Developed nations, particularly the United States, are facing historic responsibility to contribute to the setting up of this economic order which should be worldwide and more equitable, because it is very true that the economies of the rich nations and of the poor nations are interdependent and complementary. This has been demonstrated clearly.
There is wide opportunity for fruitful and promising cooperation in the interest of all, and consultation and dialog should replace the passionate behavior or the sectarian attitudes and intransigent selfishness. The world is evolving in such a manner that a reconsideration of the relationship between industrialized nations and developing nations is a must. The laws of market alone may not rule these relationships, because if there is a certain legitimacy there, still it is not the sole justification and it is not admitted without any restrictions by the Third World nations.
The main international bodies which arose out of World War II claimed--probably this was the generous intent of their founders--claimed to take into account the interests of their members. But experience has proved that if they did indeed contribute substantially to those who were less well endowed, they were still not in a position to foresee the pace of evolution of our societies, and they were in a certain sense called upon to manage the interests of the stronger among nations. This has produced an accumulation of tensions in every area--even in every part of the world--which has been detrimental to some and which has been a catastrophe for the large number.
Because of its size, prestige, the genius of its people, and the wisdom of its leaders, the United States must play a decisive role in order to bring about a period of peace and prosperity throughout the world. When he came to Tunisia, Secretary Tabor1 compared the world situation to a vessel which carries a large number of passengers, but which also carries a very big and bulky elephant. Now this is a very dramatic picture, and I believe that the passengers on this vessel want as much as the elephant to come together, to come to an understanding, so that they will not all together tumble overboard and find themselves at the bottom of the sea.
1 John K. Tabor, Under Secretary of Commerce.
Mr. President, I am convinced that the meetings that we shall have with the high leaders of your Administration, as well as with some of the honorable Members of the Congress, will bring about very positive results and will strengthen the free and fruitful cooperation that has existed between our two countries within the framework of our common pragmatic approach, and the spirit of support and solidarity which has always motivated the Government and the people of the United States with respect to Tunisia.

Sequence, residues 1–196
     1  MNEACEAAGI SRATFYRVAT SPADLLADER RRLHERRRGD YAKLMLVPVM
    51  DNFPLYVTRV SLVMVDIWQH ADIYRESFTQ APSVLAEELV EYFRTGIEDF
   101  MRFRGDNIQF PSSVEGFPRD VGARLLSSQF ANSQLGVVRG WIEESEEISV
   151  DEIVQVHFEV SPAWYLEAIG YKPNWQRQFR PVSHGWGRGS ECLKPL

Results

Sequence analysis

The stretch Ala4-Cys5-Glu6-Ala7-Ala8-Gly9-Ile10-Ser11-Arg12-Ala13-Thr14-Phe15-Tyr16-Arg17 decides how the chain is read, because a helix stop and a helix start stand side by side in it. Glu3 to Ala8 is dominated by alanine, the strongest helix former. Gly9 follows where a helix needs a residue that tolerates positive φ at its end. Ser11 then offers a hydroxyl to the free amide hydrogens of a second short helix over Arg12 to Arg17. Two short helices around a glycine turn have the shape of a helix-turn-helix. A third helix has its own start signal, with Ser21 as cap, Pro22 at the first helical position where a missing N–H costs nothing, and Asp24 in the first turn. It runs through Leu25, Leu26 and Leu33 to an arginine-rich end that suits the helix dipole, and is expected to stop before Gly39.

When we think of the celebration next year of the Bicentennial of the United States, Mr. President, I cannot keep myself from thinking back upon the faith of those proud founders, their vision, who, two centuries ago, united the American people to free their people and build here the greatest democracy the world has ever seen. As directed by President Bourguiba, Tunisia will be happy to participate in this manifestation, and it will offer as a contribution to the celebration an exhibition of some of the most beautiful mosaics, which retrace life in Tunisia under the Roman empire.
Throughout the ages and over time, from the very first steps of the Pilgrims who landed upon an unfriendly shore all the way to the first steps of your astronauts over the Moon, your history is a succession of stunning victories over nature, to wrest from nature its secrets and put them at the service of man. This has been made possible through the genius, the perseverance, and the courage of your research workers and your scientists.
I want to raise my glass, Mr. President, to peace and free cooperation among nations. And let us raise our glass to the prosperity of the American people and friendship between Tunisia and the United States.